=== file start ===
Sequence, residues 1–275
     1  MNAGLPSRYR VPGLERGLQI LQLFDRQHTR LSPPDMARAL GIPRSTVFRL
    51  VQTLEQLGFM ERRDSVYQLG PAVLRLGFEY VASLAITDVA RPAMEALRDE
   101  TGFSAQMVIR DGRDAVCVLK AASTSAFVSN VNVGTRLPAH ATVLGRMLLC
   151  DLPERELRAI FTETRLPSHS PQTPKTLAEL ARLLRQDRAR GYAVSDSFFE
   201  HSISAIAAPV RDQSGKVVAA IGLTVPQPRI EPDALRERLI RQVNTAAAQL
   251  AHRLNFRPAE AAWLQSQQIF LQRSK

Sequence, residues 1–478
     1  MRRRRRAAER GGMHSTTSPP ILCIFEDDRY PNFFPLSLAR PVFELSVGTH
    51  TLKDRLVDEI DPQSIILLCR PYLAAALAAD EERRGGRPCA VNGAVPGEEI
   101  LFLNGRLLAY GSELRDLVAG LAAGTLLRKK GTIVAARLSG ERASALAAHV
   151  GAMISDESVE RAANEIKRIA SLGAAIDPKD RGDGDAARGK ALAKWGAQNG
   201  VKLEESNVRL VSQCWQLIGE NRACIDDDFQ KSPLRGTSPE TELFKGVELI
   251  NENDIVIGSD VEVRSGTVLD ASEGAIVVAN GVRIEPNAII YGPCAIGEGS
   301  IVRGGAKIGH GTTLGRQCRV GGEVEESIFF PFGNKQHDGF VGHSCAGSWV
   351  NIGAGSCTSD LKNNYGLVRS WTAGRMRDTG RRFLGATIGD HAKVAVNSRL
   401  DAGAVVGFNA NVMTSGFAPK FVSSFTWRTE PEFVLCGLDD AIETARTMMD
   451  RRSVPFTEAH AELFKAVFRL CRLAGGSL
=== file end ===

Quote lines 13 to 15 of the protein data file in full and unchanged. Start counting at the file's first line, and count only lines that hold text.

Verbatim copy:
   201  VKLEESNVRL VSQCWQLIGE NRACIDDDFQ KSPLRGTSPE TELFKGVELI
   251  NENDIVIGSD VEVRSGTVLD ASEGAIVVAN GVRIEPNAII YGPCAIGEGS
   301  IVRGGAKIGH GTTLGRQCRV GGEVEESIFF PFGNKQHDGF VGHSCAGSWV